This is not the best example of a Ghazel. I had certain parameters I needed to follow and a short period of time (my fault entirely). I found an example piece that barely touched on the idea of praising a monarch. In this case it is more that Baqi is professing his idealized and most likely unrequited love for a lady of nobility or otherwise someone he cannot attain. I found another piece that was actually very much in praise and honor of a noble but, sadly, it was post period. 

In terms of rhymes it is uninspired. It really is just one more "Rah, Kingdom,"  "Praise their Majesties," kind of poem. I don't often find them original or inspiring to begin with so, I suppose I am biased that way. I did find a small personal observation on each of their majesties that I utilized. I am proud of this poem only because it made it personal. That is the best thing about poetry, to me. You can analyze all you want, but it's true meaning is always the author's little secret; specifically chosen words for reasons the reader may never comprehend. A reader/listener is going to associate the words and sounds their own way, comparing it to their own experience. If it touches the audience in any way the author has succeeded.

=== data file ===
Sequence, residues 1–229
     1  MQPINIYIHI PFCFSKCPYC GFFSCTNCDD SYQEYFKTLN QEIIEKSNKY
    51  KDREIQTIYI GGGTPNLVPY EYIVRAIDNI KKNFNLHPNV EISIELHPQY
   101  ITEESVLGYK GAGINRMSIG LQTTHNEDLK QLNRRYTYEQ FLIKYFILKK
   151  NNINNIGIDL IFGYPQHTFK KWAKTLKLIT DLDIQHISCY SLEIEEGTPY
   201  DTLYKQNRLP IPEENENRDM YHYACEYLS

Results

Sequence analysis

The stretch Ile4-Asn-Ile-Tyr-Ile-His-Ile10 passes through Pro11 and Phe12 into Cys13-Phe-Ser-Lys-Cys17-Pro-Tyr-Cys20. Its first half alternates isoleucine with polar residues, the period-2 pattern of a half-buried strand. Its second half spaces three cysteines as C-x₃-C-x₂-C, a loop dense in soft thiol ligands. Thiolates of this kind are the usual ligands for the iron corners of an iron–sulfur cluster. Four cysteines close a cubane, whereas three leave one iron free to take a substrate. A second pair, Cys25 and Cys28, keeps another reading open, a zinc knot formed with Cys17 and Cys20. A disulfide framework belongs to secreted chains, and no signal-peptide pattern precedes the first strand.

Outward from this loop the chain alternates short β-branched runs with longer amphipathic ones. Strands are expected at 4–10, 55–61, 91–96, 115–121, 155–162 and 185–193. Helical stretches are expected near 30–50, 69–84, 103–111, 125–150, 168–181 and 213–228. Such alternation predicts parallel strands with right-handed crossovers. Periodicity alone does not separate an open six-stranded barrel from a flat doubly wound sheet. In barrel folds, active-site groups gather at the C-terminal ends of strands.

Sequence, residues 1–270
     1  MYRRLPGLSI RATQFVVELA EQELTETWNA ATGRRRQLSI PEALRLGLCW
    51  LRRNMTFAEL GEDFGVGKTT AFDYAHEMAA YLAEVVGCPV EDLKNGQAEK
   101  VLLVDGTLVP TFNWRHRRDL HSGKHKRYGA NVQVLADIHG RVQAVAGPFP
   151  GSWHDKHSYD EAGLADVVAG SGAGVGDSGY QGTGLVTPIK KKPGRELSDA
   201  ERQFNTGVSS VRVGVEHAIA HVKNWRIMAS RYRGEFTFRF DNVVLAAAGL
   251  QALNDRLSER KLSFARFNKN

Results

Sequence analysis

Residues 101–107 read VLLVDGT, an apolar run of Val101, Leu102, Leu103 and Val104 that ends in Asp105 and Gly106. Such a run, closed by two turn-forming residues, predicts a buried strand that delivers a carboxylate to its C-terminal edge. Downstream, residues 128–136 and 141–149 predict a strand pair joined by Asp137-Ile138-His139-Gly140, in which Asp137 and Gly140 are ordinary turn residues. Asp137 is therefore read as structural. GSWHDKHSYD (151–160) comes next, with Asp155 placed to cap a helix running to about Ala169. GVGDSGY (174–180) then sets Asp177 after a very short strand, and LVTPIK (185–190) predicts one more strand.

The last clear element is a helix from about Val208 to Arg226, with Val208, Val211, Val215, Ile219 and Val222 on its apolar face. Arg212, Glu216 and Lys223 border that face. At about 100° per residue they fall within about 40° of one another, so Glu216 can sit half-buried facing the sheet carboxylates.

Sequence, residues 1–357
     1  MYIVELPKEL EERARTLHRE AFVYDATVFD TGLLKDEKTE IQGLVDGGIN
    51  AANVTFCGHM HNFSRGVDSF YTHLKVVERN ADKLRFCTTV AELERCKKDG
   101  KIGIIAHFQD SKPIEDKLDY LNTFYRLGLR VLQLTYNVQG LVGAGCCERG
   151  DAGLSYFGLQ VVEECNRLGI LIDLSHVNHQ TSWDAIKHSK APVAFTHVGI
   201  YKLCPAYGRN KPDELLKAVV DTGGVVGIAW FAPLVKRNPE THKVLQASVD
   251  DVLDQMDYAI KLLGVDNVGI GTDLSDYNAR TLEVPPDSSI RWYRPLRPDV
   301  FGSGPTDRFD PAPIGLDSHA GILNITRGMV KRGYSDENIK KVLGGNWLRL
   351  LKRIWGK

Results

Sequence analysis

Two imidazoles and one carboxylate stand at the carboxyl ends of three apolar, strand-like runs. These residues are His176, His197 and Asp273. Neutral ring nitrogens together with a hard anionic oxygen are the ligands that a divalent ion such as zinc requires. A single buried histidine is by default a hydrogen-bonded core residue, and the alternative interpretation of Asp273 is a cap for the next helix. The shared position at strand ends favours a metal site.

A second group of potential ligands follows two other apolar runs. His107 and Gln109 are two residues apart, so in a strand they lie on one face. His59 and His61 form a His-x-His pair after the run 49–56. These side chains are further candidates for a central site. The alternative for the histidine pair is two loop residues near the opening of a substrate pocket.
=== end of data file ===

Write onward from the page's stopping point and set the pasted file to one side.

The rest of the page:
I have several ghazels and other Ottoman poetry in varying stages of done. When I am closer to finished and have a better work up of my class handouts and research I will post them here. 

The Bibliography is a work in progress. I mainly copied the overall annotated source list I have thus far for my class. It is an ever expanding document. I am still working on the annotation part. I forgot to mention in my documentation the the exemplar was pulled from Gibb's "Ottoman Literature."